My beloved winter friend

Winter has finally arrived, and rather suddenly.

Halloween 2014 in the UK was the warmest on record, with temperatures in London of 23C. Yet only 6 days later temperatures plummeted to freezing. Thursday morning I was confronted with an iced up car.

What I needed was my best winter friend.

My leather gloves? Well, they are indeed very handy (no pun intended) in this weather, much more so than woolly gloves, which instantly get wet upon touching the car door handle, and then are rendered useless. Really, what is the point of woolly gloves in the cold and damp UK climate? They always get wet very quickly, and once they are wet, you hands get cold. About as useful as a chocolate fire guard.

So yes, I value my leather gloves on a cold morning and I didn’t suffer when opening my car door.

My woolly hat? Very useful for me, being bald. Not that I get a cold head – no, my head normally feels ok; but I suffer from Raynaulds syndrome, and when my body temperature drops – without me often realising it and thinking I’m reasonably warm – my fingers and toes turn to ice and go white (post coming up about this soon). Very annoying, not to mention rather uncomfortable. Wearing a woolly hat though seems to stop the heat escaping from my body through the top of my head; my core temperature stays higher and my ‘pinkys’ remain, well, pink.

No, my most favourite winter friend is my trusted, rusty old scraper.

The best scraper in the world.

Well, let’s put it another way – it’s a scraper that actually works.

Icy mornings are a pain to all car commuters; first thing in the morning, in the dark, still half asleep, the last thing you want to do is work your way around you car trying to get the ice off. Some people prefer to get in and wait in the car for it to warm up, but this is quite time consuming. Most of us get up as late as we possibly can to ensure we get adequate sleep before setting off for work; we don’t have spare time to be hanging around. I have to get up at 6.30am as it is; I’m not getting up any earlier to sit around in a cold car thankyouverymuch!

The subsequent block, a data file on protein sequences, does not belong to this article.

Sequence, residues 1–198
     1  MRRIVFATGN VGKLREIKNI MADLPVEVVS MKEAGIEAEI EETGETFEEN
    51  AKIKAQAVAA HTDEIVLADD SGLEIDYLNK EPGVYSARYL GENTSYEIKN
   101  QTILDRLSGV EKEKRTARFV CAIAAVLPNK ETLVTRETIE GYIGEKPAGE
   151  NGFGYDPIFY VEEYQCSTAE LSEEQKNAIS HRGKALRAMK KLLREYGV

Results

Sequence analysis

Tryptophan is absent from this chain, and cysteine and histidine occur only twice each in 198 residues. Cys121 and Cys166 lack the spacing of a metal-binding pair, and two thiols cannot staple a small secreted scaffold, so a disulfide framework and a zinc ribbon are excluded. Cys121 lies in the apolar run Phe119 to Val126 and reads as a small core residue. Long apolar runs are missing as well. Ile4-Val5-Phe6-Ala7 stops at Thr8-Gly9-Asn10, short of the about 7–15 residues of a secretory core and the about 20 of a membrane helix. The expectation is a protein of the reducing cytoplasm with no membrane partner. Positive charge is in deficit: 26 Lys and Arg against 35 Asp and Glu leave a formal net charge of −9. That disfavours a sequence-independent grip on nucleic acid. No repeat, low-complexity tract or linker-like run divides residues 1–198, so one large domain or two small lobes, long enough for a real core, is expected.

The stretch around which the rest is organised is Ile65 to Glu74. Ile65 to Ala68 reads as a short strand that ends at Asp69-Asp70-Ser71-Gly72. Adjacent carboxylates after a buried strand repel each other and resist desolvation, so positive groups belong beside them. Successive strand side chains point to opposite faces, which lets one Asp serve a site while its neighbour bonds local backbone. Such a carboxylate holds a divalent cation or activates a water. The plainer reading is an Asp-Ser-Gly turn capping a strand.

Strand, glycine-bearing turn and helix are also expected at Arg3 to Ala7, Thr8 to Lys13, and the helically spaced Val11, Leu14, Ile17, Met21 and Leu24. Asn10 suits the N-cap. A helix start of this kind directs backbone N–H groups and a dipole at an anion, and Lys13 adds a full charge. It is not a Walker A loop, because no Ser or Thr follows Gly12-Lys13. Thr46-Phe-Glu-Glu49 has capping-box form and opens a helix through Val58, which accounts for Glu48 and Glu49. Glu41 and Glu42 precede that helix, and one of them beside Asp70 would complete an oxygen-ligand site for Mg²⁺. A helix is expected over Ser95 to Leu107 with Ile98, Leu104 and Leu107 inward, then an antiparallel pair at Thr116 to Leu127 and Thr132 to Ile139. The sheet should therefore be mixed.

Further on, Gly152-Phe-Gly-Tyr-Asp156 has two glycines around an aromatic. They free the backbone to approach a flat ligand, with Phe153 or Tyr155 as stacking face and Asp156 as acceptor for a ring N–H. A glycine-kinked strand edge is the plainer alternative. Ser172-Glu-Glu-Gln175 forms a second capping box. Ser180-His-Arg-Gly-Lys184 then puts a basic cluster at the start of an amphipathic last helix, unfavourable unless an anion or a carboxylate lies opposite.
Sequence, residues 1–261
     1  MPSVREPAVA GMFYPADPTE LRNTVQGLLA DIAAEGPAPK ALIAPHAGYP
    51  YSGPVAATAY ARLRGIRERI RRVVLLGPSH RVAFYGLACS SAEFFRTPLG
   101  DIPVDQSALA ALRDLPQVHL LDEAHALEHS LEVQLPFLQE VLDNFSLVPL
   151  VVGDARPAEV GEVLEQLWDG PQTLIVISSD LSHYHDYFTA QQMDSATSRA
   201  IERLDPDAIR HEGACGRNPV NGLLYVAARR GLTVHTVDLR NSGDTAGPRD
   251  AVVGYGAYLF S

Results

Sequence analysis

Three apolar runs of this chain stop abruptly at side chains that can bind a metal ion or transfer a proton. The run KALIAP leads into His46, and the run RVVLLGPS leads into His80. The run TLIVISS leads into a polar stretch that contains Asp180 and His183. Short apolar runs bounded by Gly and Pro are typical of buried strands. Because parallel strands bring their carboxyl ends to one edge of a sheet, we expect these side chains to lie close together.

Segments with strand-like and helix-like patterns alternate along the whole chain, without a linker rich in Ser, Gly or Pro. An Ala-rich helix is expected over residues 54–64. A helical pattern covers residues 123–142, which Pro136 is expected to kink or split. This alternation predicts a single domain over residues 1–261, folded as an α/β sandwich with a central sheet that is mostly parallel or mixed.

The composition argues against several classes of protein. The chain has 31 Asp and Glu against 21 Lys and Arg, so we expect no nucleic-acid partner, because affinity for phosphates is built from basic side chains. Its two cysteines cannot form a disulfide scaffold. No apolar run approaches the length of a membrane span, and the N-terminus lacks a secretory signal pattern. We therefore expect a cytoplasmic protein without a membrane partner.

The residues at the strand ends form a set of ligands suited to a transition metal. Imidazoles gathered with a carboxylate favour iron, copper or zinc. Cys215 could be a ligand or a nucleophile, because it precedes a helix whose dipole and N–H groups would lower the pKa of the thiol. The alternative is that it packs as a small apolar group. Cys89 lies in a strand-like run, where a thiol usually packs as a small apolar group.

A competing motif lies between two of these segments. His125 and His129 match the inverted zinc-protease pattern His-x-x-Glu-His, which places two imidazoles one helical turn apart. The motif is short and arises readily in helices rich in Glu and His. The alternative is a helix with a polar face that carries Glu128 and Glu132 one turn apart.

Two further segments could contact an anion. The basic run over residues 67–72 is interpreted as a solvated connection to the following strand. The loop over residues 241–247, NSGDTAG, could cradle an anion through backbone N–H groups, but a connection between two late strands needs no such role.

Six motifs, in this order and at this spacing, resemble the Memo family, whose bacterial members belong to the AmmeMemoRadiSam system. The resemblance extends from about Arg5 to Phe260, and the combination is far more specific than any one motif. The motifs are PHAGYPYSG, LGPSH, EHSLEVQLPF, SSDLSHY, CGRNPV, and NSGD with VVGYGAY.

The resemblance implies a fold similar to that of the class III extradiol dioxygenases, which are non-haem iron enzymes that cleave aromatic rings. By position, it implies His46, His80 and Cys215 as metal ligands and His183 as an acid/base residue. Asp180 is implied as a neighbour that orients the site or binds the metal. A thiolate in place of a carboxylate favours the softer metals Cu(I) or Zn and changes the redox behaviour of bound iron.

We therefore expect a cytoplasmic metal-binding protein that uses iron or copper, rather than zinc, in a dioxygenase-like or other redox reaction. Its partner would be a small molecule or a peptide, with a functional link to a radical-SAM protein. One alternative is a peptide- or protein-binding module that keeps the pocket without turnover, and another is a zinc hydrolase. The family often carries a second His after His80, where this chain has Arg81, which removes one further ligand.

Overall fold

Many will choose the de-icer spray route.

I find de-icer annoying for many reasons, such as:

  • If you leave the can in the car, it rolls around and rattles irritatingly
  • If you don’t leave it in the car, you can never find it (and you’ve already locked up the house)
  • If you leave it in the car, the can is absolutely freezing to the touch
  • You always seem to run out at the worst time
  • It absolutely stinks
  • The nozzle very often gets blocked and the spray is a useless dribble
  • It can damage your paintwork
  • It ends up all over your hands – bad for skin, and cold
  • It quite often just doesn’t work – you end up with a sludge on your windscreen that then freezes again into a lumpy mess

No. I’ll use a scraper.

But scrapers are useless. Well, most standard plastic scrapers, that is. They will simply leave two marks on your window where the two far edges scrape a thin sliver of ice off. Rubbish.

But I have a superscraper.

When I passed my driving test in 1995 at the age of seventeen and my Dad bought me my first car (a bright Orange 1 litre Metro – see my car history), I was also handed his spare scraper.

It was a rusty piece of metal with a rubber end.

I wasn’t overly enthusiastic.

He assured me that I’d apprecriate it when the time comes – and he was right.

It’s the only scraper I’ve ever used that actually works.

It may sound over the top, but I loved that little scraper. It took seconds to scrape off the ice, and did so in clean, clear sweeps. On the rare occasions I didn’t have it for some reason, and was forced to use a standard plastic scraper, I would dispair. My fingers would be frozen and the view through the windscreen barely adequate to see the road.

When I lost it I was gutted. I faced a couple of winters struggling to clear icy windscreens. I tried lots of different plastic scrapers but they were all pratically useless. They’d scrape off only a thin layer; or leave thin trails in the ice; or they would simply snap. I reverted to the de-icer spray, which I hate, as per my above points.

When my Dad passed away unexpectedly over a couple of years ago, it took me some time to get over the shock. After some time, we all went through the usual motions, and I agreed to arrange disposing of his car.

I found his ice scraper in there.

I was happy to share any inheritence and possessions fairly and equally with my brother.

Not the scraper – that was mine.

I am the eldest so I think I can justify my actions 🙂

So, for the last couple of winters I have laughed in the face of the icy windscreens again.

This morning, the first icy windscreen of the season, was no different, and my windows were clear in seconds.

I hear now that you can buy ‘better’ scrapers made out of materials other than plastic. I suppose I could try one. But whilst as have ol’ Rusty, I’m quite happy.

Here is a beautiful picture of my beloved winter friend for you to drool over.

The best windscreen scraper in the world - ol' Rusty
The best windscreen scraper in the world – ol’ Rusty

I hope you enjoyed.

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